Chromebooks – What are they and Why do I Care?

clear-cloud-computing-diagramCloud Services is the Old Mainframe Model of Computing

Which brings me to my next point – Chromebooks were meant for cloud computing. While many confuse cloud computing to be only or just storage services like Google Drive, Dropbox and iCloud, cloud computing and their associated services are really much more than that. They are in many ways a return to the computing model of the late 1960’s and 1970’s.

While the idea for everything may have been brought back into focus with cloud-based storage apps and services such as Dropbox and the like, Google’s idea of pushing everything, even the actual, physical computing to servers and services to and in the Cloud, is a total return to the mainframe environments that many government agencies and older, private organizations still (in some states and cases, respectively) make use of today. In many ways, dumb terminal/mainframe computing is easier to use, easier to maintain, easier to program for and is much more reliable. If there’s a processing problem you have two points of possible failure – the pipe or the mainframe.

If you’re having communication issues, then there’s likely a network issue that needs to be resolved. You either have problems between the origin (the mainframe) or the destination (the Chromebook) and can check networking components in each. If the communication problem isn’t there, then it’s in the pipe.

If it’s a processing issue, then the issue isn’t on the client side. It’s on the mainframe side (unless the Chromebook is simply broken, and that’s easy to troubleshoot); and everything you need access to in order to fix it is on the mainframe side. Storage, processing power, memory… it’s all on the mainframe, or in the modern sense of this in the Chromebook/ Cloud computing model, on the Google end of the world.

In the PC based world, you have more local processing going on, and while that may reduce the amount of heavy lifting that a remote host (or mainframe) has to do, it increases the complexity of the topology and isn’t as easy to support. I don’t think anyone here doubts how difficult a BSoD issue may be to resolve. In many cases, it’s easier to back up your data, blow your PC and reinstall Windows and all your applications from scratch. In the mainframe or Cloud based computing model, you don’t’ have to do that. Everything is in the cloud and the problem is (likely) Google’s to resolve.


(Ubiquitous, High-Speed) Internet is Required

Cloud computing relies on access TO the cloud in order to work. Many Chromebooks only have 32GB of local storage, and that’s not a lot. Because all applications are also cloud-based, if you want to do anything with your Chromebook, you need access to the services that drive them. Needless to say if you don’t have a deep, wide pipe, using a Chromebook isn’t a real possibility.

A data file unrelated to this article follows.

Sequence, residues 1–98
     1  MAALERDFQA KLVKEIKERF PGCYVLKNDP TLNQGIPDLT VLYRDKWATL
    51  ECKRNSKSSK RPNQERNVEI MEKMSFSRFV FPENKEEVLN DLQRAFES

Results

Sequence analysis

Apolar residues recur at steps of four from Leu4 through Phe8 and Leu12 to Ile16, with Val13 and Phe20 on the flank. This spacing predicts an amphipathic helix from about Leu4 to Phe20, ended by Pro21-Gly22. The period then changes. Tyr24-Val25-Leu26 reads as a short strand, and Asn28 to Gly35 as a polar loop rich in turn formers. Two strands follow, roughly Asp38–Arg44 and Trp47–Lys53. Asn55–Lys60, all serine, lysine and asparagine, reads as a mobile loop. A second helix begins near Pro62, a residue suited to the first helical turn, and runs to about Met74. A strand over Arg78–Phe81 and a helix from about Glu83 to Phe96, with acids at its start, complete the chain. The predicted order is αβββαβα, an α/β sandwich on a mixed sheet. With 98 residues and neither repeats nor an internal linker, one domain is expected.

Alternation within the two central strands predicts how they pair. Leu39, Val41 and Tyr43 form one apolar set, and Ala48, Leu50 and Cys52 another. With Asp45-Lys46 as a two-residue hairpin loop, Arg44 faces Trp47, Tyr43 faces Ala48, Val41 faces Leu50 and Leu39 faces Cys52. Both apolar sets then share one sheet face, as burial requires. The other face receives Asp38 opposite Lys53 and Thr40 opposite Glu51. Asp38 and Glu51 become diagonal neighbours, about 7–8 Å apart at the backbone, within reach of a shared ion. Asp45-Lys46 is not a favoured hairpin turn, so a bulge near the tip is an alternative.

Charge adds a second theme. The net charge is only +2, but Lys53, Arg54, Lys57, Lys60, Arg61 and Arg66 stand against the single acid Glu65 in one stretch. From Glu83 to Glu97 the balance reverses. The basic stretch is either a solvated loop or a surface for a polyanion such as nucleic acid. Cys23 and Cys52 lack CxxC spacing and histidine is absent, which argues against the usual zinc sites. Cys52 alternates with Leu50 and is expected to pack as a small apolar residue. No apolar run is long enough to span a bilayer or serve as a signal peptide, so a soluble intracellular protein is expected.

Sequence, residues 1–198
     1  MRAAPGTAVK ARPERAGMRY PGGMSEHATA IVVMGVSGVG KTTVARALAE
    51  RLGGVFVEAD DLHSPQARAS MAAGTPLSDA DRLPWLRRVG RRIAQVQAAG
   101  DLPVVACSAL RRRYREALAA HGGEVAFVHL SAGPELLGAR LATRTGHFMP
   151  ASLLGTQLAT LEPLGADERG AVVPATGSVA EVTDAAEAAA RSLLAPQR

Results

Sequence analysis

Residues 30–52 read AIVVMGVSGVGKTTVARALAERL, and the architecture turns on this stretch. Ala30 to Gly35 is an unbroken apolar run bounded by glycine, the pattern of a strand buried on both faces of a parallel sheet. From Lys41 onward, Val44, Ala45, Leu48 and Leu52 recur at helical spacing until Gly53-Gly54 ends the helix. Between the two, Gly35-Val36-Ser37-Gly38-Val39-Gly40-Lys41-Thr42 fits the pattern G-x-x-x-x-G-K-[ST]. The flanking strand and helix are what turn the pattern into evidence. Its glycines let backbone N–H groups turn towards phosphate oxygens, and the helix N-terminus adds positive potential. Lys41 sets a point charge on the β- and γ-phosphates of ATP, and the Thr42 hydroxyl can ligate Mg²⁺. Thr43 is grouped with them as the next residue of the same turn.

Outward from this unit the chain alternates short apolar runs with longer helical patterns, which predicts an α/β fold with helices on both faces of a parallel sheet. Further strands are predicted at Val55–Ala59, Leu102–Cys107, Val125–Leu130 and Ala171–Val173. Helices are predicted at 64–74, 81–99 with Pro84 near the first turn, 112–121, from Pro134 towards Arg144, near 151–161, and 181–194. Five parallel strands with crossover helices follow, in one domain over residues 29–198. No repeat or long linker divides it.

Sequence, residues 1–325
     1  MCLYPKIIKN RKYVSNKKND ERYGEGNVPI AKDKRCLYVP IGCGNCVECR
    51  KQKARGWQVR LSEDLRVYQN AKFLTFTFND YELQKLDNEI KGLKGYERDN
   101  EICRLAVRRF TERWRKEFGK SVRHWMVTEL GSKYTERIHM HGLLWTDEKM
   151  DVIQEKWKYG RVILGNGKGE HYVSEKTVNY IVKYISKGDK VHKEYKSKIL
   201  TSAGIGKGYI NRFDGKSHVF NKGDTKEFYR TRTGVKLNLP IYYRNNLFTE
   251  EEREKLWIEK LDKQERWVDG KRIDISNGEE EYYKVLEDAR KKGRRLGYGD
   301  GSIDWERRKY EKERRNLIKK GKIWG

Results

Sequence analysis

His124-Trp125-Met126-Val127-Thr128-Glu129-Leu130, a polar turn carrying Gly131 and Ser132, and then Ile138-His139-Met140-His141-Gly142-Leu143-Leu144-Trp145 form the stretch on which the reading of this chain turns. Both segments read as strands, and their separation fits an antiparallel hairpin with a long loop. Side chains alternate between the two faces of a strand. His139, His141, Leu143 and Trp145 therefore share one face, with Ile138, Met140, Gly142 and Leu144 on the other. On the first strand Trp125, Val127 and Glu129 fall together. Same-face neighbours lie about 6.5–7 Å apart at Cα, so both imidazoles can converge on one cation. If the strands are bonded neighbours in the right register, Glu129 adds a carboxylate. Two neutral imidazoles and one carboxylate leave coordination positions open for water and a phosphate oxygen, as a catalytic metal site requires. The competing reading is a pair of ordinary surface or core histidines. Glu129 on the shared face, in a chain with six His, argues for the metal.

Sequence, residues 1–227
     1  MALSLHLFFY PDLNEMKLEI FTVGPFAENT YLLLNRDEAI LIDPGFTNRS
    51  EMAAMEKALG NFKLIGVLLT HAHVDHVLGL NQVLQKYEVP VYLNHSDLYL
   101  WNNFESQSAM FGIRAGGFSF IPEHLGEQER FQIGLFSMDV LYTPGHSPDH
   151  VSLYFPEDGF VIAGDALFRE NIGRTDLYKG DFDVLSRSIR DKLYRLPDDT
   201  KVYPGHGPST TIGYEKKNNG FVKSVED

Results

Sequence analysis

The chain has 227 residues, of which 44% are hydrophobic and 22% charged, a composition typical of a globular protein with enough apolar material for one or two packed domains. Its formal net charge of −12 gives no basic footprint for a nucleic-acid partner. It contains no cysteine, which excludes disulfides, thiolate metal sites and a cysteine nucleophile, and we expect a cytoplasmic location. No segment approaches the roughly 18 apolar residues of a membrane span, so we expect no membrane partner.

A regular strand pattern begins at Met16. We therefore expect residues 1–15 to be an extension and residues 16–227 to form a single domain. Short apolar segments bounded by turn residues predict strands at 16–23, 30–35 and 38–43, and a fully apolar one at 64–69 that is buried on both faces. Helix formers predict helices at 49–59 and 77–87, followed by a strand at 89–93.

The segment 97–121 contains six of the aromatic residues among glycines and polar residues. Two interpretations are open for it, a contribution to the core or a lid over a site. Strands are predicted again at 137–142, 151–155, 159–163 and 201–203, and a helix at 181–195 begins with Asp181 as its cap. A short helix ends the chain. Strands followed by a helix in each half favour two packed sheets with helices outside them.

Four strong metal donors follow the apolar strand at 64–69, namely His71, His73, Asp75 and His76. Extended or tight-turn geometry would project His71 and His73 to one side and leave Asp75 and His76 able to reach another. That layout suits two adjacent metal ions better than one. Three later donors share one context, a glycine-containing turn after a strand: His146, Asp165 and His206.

For you to make the best of the device, access to that deep, wide pipe needs to be everywhere you are likely to use the device. So, [nearly] always available, high-speed internet access is a requirement for using a Chromebook. This is the biggest problem with the devices.

Internet access is not ubiquitous here in the States and not all of it is fast enough to provide the level of service needed to make working with one pain-free. Mobile access in some areas isn’t available at all; so unless you’re at a Starbucks or other public access point, using a Chromebook anywhere other than in your home may also be challenging.


In the new city I’m living in, this is a very, real problem. The first 6 weeks I was here, I had a great deal of trouble finding broadband that was providing speeds faster than 2-5Mbps down and 0.1Mbps up. In many cases, LTE service on my phone was faster than any of the Wi-Fi service I could find and/or access. That doesn’t make productive computing likely when you’re sharing a data plan with 2-3 other people. What you need is something that provides consistent service in the 20-30Mbps down, 10-15Mbps up range.

Chromebooks will of course work with mobile broadband, but when that’s your only type of access, a Chromebook isn’t the best type of computing choice. Chromebooks require internet access to do anything and everything; and you’re going to burn through your available bandwidth quickly if you don’t watch it.



My trip down the Chromebook pathway this week was kicked off by news that the Chromebook 11 was pulled from shelves and the web due to overheating of its power supply. If there’s one thing that a dumb terminal shouldn’t do is have its power supply overheat.

My son-in-law is a college student and was in need of a decent computer to help him with his school work. My daughter decided to buy him a computer for his birthday. While looking for affordable options, one or two Chromebooks were considered because of their low price points.

We looked long and hard at them; but they were quickly put aside.

While the prices were right, the required connectivity won’t always be available. Being tied to the cloud means that you’re stuck for a solution when the cloud “evaporates,” and isn’t available.

Price wise, if you are looking for a portable computer that gives you the ability to check mail, surf the web and do basic document editing, but yet still offers a traditional hardware experience (as opposed to a tablet), a Chromebook may be what you’re looking for. If you’re looking for a powerful, offline computing experience, a Chromebook isn’t for you. While the price point is really a Chromebook’s most attractive feature in my opinion, until there’s ubiquitous, high speed internet consistently available to users nearly everywhere they want or need to be, a Chromebook’s real value is dubious at best.


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